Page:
Sometimes I wonder about the young athletes I covered over nearly four decades as a sportswriter. There were thousands. Runners and shortstops. Swimmers and linebackers. Point guards and gymnasts.

What became of them? Are they doing OK? Where are they now?

I found out about one of them last night sitting in the backyard of a Fort Myers house. Kathy and I attended a party and I stepped outside for fresh air and to sit down.

A man sitting in a chair to my left asked if I used to cover sports for The News-Press. I said yes. His wife was to his left and she looked vaguely familiar. They introduced themselves and reminded me of their daughter Jennifer Massing, who was an outstanding youth soccer player nearly 20 years ago.

I wrote a story or two about her and recall the name. They gave me an update. Jennifer now lives in Italy, speaks fluent Italian, is a construction company boss, married an Italian man and has a couple of kids.

I told Mr. and Mrs. Massing how impressed I was with their daughter.

But what about all the others? What about that crying 12-year-old cheerleader?

This was about 15 years ago and I was assigned to cover the Pop Warner national football and cheerleading championships at Disney’s Wide World of Sports. There were two or three football teams and cheerleading squads from our area.

When a cheerleading squad from Estero won the national title I asked the coach for permission to interview some of the kids. She brought me over a 12-year-old and then the coach walked away. Ah, hey, ah, coach, I wanted to say.

I always felt it was best if a coach or parent were on hand when I interviewed children. The coach, though, walked away and I asked the kid about winning the national championship.

She immediately burst into tears. I imagined her father seeing his little girl crying in front of some stranger and then sprinting over to deck me with a right cross to the left eye and a left uppercut to the chin.

That didn’t happen. After what seemed like minutes but was likely only several seconds, the kid composed herself, apologized for crying and said she was so happy about the championship she was just overcome.

That kid is now well into her 20s and perhaps the mother of an aspiring cheerleader.

So many athletes and so many sports over so many years. …

Back in my 20s when I worked at the St. Petersburg Evening Independent I was still young enough to play rec sports with athletes I had covered.

Once I was playing quarterback in a touch football game at Azalea Park when a guy rushed in at top speed and sent me tumbling and flying with a hit that would now draw a flag in the NFL. After I stopped rolling and bouncing I asked, “What the hell was that all about?”

I don’t recall the guy’s name but he said he played football at Boca Ciega High and in my weekly high school football prediction column I always picked his team to lose. And he just wanted some payback. I then asked if his team always lost. He had to admit they did.

Boca Ciega had some bad teams back then.

Then there was Jeff Feulner. He was an outstanding fullback at Shorecrest in St. Pete and then played fullback at Purdue.

Again, I was in my 20s when the following happened. I was playing in a pickup basketball game at Hurley Park on Pass-A-Grille. Feulner was on the other team and I was guarding him. Well, sort of guarding him.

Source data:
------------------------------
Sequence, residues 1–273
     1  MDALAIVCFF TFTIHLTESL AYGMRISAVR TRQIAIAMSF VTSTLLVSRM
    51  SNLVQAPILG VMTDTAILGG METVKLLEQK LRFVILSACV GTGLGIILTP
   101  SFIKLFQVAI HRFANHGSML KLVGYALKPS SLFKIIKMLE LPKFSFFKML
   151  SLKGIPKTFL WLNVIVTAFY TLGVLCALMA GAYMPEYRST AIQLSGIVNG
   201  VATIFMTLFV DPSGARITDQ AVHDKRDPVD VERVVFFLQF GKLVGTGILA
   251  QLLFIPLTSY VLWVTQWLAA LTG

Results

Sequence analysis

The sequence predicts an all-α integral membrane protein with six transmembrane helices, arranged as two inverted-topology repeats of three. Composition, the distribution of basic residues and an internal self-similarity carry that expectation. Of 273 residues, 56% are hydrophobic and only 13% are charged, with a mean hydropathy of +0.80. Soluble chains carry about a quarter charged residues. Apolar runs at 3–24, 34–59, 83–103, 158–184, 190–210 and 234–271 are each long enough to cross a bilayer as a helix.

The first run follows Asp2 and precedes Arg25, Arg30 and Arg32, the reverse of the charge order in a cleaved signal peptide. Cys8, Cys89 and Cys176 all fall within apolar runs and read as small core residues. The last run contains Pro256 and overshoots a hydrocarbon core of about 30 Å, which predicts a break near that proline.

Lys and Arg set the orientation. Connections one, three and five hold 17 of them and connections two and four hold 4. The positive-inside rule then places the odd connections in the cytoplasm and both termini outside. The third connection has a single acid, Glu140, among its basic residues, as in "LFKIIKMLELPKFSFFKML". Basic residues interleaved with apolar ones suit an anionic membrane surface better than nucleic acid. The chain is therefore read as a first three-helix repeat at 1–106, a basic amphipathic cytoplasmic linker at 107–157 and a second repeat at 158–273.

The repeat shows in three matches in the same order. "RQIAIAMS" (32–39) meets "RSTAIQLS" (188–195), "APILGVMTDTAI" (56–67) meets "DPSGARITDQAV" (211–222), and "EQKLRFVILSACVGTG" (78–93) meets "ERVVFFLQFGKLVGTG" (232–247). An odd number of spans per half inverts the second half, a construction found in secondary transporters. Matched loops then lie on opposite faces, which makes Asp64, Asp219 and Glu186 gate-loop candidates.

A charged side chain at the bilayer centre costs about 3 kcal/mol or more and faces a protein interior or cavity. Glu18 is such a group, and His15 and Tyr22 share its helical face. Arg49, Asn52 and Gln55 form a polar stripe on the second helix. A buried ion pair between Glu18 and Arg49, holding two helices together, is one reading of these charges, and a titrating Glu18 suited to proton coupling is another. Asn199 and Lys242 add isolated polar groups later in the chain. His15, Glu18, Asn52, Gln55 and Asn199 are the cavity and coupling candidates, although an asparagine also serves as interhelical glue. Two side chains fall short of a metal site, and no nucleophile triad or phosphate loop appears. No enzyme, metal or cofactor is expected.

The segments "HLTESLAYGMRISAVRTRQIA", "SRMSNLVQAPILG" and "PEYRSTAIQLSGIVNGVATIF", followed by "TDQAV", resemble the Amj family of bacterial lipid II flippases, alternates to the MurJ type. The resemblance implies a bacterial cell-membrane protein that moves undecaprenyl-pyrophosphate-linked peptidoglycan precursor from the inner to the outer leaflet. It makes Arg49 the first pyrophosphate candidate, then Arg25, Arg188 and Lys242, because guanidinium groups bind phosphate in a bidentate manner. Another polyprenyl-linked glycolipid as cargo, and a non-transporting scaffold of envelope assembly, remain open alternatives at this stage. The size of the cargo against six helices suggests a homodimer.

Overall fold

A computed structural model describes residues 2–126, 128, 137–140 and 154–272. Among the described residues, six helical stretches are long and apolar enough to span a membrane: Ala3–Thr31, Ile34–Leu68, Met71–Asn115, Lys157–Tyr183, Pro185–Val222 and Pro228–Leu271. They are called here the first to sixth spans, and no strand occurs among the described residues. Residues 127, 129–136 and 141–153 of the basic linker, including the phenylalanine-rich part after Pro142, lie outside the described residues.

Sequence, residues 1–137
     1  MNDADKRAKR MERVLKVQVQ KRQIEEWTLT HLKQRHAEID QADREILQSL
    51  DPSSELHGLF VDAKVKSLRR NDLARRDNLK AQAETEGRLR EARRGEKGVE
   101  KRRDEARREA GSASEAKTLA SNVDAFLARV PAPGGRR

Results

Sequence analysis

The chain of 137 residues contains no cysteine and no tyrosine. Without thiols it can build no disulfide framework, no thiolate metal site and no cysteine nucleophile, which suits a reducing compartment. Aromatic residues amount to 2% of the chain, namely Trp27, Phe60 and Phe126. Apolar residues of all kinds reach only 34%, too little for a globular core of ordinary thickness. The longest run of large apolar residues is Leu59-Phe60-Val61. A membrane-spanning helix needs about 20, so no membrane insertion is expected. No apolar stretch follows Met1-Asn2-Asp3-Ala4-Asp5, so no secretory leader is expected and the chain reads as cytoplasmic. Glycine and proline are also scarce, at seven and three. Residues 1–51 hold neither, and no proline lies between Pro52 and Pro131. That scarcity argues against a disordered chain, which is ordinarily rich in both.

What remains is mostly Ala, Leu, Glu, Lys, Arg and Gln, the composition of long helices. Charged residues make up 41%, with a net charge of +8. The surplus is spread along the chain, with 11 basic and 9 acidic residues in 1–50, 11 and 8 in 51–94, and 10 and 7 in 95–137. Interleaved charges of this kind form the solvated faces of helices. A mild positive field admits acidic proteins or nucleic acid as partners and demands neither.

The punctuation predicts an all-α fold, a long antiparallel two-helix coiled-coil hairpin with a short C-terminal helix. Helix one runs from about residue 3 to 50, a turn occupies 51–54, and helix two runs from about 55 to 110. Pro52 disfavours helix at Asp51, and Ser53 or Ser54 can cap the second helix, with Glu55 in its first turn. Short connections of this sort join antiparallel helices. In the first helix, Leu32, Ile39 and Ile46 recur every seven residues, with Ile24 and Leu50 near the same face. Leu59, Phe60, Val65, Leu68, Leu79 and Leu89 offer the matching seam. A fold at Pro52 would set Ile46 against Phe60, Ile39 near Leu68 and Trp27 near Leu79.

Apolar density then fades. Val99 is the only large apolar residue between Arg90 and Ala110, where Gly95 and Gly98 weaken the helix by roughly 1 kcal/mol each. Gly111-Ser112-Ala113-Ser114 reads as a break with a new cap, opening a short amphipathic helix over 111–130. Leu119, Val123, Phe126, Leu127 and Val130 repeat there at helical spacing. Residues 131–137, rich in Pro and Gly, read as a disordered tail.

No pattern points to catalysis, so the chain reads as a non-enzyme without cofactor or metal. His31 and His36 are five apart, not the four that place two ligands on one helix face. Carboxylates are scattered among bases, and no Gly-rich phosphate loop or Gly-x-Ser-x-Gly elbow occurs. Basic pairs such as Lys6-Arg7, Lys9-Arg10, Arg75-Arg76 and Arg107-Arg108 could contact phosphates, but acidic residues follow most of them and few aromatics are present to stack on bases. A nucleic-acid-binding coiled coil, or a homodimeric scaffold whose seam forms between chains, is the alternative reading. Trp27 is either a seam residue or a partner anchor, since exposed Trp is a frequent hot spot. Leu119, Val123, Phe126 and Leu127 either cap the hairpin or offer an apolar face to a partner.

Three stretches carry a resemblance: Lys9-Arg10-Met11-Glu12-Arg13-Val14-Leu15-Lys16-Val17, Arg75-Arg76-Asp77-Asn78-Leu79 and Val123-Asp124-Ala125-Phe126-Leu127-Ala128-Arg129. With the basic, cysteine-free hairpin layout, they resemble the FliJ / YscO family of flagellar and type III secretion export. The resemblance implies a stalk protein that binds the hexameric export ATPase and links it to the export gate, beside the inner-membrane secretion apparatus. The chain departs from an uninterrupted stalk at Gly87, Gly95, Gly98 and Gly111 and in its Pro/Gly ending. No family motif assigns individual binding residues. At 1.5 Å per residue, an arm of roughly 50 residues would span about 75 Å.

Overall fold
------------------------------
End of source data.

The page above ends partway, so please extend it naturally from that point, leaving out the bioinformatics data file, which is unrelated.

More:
Feulner knew me as a local sportswriter and when he had the chance on a drive to the hoop, he lowered a shoulder, barreled into me and sent me flying into a chain link fence. I bounced right back up, uninjured but with enough wits about me not to challenge a Big Ten fullback to a fight.

I just Googled Feulner and found that, according to a Linkedin profile, he resides in West Palm Beach and is some sort of medical representative.

About the same time as those crunching hits from football players I was playing on rec softball teams in St. Pete and on one of them we had a former two-sport athlete from Boca Ciega named Paul Battle join one of my teams. I had covered some of his football and baseball games and now we were in the outfield next to each other.

I can still recall a fly ball hit between us and Paul yelling, “It’s yours, Mr. Miller.”

I think I told Paul he could now address me by my first name.

I Googled Paul and found he still resides in St. Pete and works for something called Kustom US, Inc.

Another high school athlete I recall vividly from those days as a young sportswriter was Northeast High basketball player Ron Shaw. Ron was probably the best high school basketball player in Pinellas County in the late 1970s.

He also liked publicity and I recall he sometimes asked me for rides home or to McDonald’s after games. I can’t imagine anything like that happening today but things were more informal in the 1970s.

I Googled Ron and came across a couple of stories I wrote on him and in one of them I placed each of us in my car.

Here’s how I started a story dated Feb. 7, 1979 with a Clearwater dateline: “Ron Shaw dreamed the implausible dream Monday. As he sped down I-275 in a blue Sunbird late Monday night, Shaw revealed, in a low mournful voice, a crazy idea that had crossed his mind earlier in the day.”

Ron’s crazy idea was scoring 106 points that night against Clearwater, the No. 2-ranked Class 4A team in the state. Although he was coming off four consecutive games with 40 or more points, he managed only 13.

In the Dec. 18, 1982 Independent, this is how I started a story: “Ron Shaw was working at the Hogley Wogley Bar-B-Que on Ninth Street when he received what might be his last chance to play college basketball.”

He went to Miami to play at Florida Memorial College.

I don’t think things worked out for Ron at Florida Memorial and I don’t know what he’s been up to for the past 31 years. I hope wherever he is, Ron is doing well.

That goes for all those other athletes I covered. Even the two guys who knocked me into next week so long ago.